Munc18-1 Is a Master Orchestrator of Synaptic SNARE Assembly




Stepien, Karolina Paulina

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Neurotransmitters are released by tightly controlled synaptic vesicle exocytosis at the active zone of presynaptic nerve terminals. This process requires primed fusion-competent vesicles and coordinated calcium-secretion coupling, and all these steps are governed by a sophisticated protein apparatus. SNAREs and Munc18-1 are the core components of this apparatus: SNAREs form SNARE complexes that bridge the vesicle and plasma membranes and Munc18-1 coordinates SNARE assembly. Productive formation of SNARE complexes is topologically complicated and requires overcoming multiple energy barriers. This work elucidates distinctive molecular mechanisms of how Munc18-1 orchestrates SNARE assembly. Reproducing the steps that lead to neuronal exocytosis with purified proteins and synthetic lipid vesicles has become an irreplaceable tool to decipher mechanistic details underlying synaptic membrane fusion. In one project, I created a new, much slower system by reconstituting a limited number of SNAREs. This new tool not only allowed to study the activity of the calcium sensor, synaptotagmin-1, showing its stimulatory function, but also provided a way to control the number of SNARE complexes. The latter is important as emerging evidence suggests that the number of primed SNARE complexes in neurons is small. My study shows that liposome fusion with few SNAREs requires Munc18-1, synaptotagmin-1, and Munc13-1. While the requirement of Munc13-1 for synaptic fusion can be partially bypassed by SNARE or Munc18-1 mutations, the absence of Munc18-1 has not been rescued by any means so far. In my next project, I elucidated the fundamental mechanism that completely prevents synaptic vesicle fusion unless Munc18-1 is present. Using fluorescence and nuclear resonance spectroscopy, I showed that another protein, αSNAP, completely blocks SNARE-dependent liposome fusion through diverse interactions with SNAREs and that such inhibition can only be overcome by Munc18-1 upon binding to closed syntaxin-1, which in turns initiates SNARE assembly. My third study described another mechanism underlying the essential role of Munc18-1 in SNARE assembly. I solved cryo-electron microscope structures of Munc18-1 bound simultaneously to its two cognate SNAREs, showing structural details of how Munc18-1 organizes formation of productive SNARE complexes. Overall, I described multiple mechanisms of how Munc18-1 functions at virtually every step of SNARE assembly.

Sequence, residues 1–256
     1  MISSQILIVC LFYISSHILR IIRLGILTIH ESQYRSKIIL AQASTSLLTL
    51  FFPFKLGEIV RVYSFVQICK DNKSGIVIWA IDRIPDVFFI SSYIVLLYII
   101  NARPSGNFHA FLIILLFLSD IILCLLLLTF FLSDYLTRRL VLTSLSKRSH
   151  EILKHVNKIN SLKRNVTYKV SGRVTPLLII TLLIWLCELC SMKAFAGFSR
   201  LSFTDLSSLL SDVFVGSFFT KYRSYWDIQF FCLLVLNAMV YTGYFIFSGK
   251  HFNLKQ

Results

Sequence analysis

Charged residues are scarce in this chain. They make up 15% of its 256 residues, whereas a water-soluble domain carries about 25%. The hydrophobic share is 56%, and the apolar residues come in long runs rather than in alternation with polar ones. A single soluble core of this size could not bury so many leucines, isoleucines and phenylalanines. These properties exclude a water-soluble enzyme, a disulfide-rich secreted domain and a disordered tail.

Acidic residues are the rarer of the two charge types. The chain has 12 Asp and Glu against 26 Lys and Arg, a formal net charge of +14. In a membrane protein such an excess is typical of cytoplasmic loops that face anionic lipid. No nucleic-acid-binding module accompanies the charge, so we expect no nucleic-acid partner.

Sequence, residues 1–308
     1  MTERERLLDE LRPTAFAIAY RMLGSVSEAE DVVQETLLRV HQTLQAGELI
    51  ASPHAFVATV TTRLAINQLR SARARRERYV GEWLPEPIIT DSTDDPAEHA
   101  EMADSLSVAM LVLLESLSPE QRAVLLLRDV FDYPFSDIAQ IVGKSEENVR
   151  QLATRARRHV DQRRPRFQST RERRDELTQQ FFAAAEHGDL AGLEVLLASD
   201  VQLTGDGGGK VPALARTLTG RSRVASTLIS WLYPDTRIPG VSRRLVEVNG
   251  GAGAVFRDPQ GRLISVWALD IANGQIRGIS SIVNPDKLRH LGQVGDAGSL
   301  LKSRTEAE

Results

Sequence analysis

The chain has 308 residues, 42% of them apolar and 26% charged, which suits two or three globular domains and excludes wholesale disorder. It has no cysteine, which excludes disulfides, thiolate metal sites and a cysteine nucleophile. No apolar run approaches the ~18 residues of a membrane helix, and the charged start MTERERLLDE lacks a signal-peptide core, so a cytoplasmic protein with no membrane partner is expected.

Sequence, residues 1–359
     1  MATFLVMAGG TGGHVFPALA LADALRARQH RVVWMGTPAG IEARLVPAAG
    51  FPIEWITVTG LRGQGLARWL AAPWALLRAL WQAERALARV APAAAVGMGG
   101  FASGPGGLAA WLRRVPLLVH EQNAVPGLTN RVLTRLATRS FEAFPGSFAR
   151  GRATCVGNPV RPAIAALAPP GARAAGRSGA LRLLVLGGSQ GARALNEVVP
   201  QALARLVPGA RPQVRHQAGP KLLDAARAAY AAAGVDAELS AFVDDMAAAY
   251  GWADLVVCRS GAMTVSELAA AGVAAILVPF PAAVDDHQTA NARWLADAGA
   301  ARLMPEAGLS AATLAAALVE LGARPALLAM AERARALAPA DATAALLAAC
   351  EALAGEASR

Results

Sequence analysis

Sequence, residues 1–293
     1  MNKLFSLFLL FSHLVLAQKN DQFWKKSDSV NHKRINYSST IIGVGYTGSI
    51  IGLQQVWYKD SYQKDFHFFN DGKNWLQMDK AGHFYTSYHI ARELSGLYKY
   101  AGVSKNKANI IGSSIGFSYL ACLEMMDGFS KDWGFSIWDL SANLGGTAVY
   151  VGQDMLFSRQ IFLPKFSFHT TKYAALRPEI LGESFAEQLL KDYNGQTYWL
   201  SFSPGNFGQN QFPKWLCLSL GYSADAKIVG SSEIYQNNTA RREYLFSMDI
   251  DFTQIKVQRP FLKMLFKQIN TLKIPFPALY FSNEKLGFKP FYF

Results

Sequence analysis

General Notes

Pages 114-185 are misnumbered as pages 115-186.

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